Nutritional Medicine

Nutritional Medicine

Nutritional Medicine is based on the principle that nutrients, including essential micronutrients, are required for the proper functioning of all the biochemical processes on which our bodies depend. Therefore, when treating symptoms or diseases, the practitioner looks for the underlying causes which, although often partly genetic, are usually very much tied up with nutritional and environmental factors.

It can also be simply defined as the relationship of food to the well-being of the human body. It encompasses the study of environmental effects on the quality of foods, and the impact of nutritional factors on health and disease. Nutritional medicine uses food, and individual nutrients in doses only achievable in supplement form, for medicinal and therapeutic effects.

Nutrients are involved in the creation of every molecule and the maintenance of every system in the body. The body requires more than 45 nutrients to maintain health. Many vitamins and minerals act as coenzymes in promoting essential chemical reactions. They help regulate metabolism, assist in the formation and maintenance of bones and tissues, hormones, nervous system chemicals, and genetic material. Subtle nutrient deficiencies can occur before the onset of frank, classical deficiency. Such marginal deficiencies may ultimately contribute to the development of degenerative diseases. Nutritional medicine aims to optimise nutrition according to individual biochemical, environmental and health states.

Nutritional medicine is not ‘alternative’ medicine. It works well with and alongside conventional medicine. It can be a very gentle process. It can also be very impactful.

Which conditions can nutritional medicine help?

Many conditions may benefit from nutrition, including some of today’s more common
presentations such as:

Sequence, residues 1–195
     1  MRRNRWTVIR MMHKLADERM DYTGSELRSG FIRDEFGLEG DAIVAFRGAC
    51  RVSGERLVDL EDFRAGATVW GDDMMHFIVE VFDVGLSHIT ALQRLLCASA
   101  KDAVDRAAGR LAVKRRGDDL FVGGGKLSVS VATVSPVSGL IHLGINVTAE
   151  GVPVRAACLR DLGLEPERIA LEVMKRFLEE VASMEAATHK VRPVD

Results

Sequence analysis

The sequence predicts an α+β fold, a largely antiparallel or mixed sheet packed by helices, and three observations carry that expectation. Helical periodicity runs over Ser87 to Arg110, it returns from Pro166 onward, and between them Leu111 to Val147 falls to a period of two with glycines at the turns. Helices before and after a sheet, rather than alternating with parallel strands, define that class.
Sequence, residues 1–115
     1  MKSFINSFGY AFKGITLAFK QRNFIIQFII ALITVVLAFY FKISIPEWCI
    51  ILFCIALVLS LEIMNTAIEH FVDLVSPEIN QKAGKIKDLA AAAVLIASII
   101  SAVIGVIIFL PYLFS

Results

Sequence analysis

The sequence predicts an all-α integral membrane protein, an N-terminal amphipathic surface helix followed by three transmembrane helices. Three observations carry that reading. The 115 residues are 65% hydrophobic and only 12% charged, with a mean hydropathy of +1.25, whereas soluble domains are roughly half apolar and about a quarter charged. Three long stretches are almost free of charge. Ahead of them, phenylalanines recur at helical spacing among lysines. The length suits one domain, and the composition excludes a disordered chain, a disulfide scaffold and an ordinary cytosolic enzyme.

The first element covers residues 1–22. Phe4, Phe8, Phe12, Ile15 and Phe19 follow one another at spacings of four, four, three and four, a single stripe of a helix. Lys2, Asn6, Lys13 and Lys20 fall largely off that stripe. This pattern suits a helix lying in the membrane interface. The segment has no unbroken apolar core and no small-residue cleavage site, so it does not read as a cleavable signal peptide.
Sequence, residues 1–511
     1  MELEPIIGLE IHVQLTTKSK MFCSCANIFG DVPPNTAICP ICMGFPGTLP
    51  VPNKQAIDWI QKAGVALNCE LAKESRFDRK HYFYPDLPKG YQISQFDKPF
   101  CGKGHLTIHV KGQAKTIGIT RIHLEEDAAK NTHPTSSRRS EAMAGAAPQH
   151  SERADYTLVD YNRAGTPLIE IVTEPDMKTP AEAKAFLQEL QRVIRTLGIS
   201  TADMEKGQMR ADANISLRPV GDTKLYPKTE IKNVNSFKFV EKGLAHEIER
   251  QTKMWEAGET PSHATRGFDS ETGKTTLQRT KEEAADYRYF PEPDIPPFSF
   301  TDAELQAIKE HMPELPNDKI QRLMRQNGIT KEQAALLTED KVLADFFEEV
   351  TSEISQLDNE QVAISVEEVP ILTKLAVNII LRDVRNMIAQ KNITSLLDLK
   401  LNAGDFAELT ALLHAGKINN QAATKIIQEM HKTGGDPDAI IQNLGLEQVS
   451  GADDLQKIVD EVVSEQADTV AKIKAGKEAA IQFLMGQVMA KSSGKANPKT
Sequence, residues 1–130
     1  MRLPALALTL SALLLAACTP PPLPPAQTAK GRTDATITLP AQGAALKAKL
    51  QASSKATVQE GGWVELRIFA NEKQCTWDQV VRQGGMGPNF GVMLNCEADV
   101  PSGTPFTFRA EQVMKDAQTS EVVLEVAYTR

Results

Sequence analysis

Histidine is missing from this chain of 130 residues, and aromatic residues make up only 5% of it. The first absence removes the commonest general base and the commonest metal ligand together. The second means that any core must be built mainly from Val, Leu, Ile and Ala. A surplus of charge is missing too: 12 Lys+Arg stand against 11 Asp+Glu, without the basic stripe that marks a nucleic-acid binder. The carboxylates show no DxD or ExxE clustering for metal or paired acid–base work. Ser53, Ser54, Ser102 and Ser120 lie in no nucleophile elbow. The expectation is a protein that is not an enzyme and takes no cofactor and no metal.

• Digestive – flatulence, burping, bloating, IBS, constipation, diarrhoea
• Skin – eczema, rosacea acne and psoriasis
• Immunity – frequent colds, coughs and allergies
• Stress management – nervous system disorders such as insomnia, low mood, anxiety, nervous tension
• Energy – erratic energy or fatigue
• Hormone imbalance – insulin resistance, adrenal stress, thyroid imbalance
• Reproductive – PMS, PCOS, endometriosis, fertility, menopause, lowered libido
• Neurological – Dementia, Alzheimer’s disease
• Allergies – H ayfever, sinusitis, rhinitis
• Chronic conditions – Arthritis, high blood pressure, fibromyalgia, chronic fatigue syndrome, autoimmune disease…
• Weight Management

How I Practice

I use a holistic approach in all consultations with my patients. This means I consider the person as a whole, as a sum of all the interconnected components that make that person individual and unique. When we look at the whole body, each component can be seen on a biochemical, cellular, systematic level, and all components are interconnected. It also means I consider all other possible influencing factors to the patient including their
physical, mental, emotional and spiritual well-being when assessing health problems. So for example, if a patient comes to me with IBS, I will not treat just the disease, or treat just the digestive system. I will take into account all other historical and current health issues, diet, medication, physical activity, emotional state, lifestyle, needs and desired outcome.

I use my vast knowledge of food and nutrients to devise the most appropriate course of action. I do not advocate one type of diet, for example low GI, gluten free, paleo, pegan, WAPF, GAPS, vegan, raw, macrobiotic, and I do not promote any food or supplement related fads or fashion. I have an ipmpressive knowledge of many foods, diets, food
protocols, and nutritional supplements, and use this knowledge in devising a diet and nutrient plan suitable for my patient. Everyone is treated as an individual and as unique. It is never the case that one type of diet works for everyone.

We all have different body shapes, different lifestyles, likes and dislikes. We are all motivated or demotivated by different things. We react to foods very differently, physically and emotionally. Some of us eat a lot, some of us eat very little. Some need a lot, some sustain on small amounts. The energy expenditure differs greatly from one person to the next. The health state of one individual is not the same as the next person. The life events
that make up a person, and related emotions, are very unique to that person. No two people are the same and must not be treated as such.